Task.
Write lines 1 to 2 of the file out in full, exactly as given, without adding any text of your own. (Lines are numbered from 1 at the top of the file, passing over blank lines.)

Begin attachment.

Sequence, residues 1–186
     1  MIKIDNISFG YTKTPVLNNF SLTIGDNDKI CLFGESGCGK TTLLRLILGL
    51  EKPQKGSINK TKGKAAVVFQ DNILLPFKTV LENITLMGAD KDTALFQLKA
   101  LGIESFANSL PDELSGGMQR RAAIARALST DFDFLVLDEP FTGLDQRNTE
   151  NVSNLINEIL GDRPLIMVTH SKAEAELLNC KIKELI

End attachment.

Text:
Sequence, residues 1–186
     1  MIKIDNISFG YTKTPVLNNF SLTIGDNDKI CLFGESGCGK TTLLRLILGL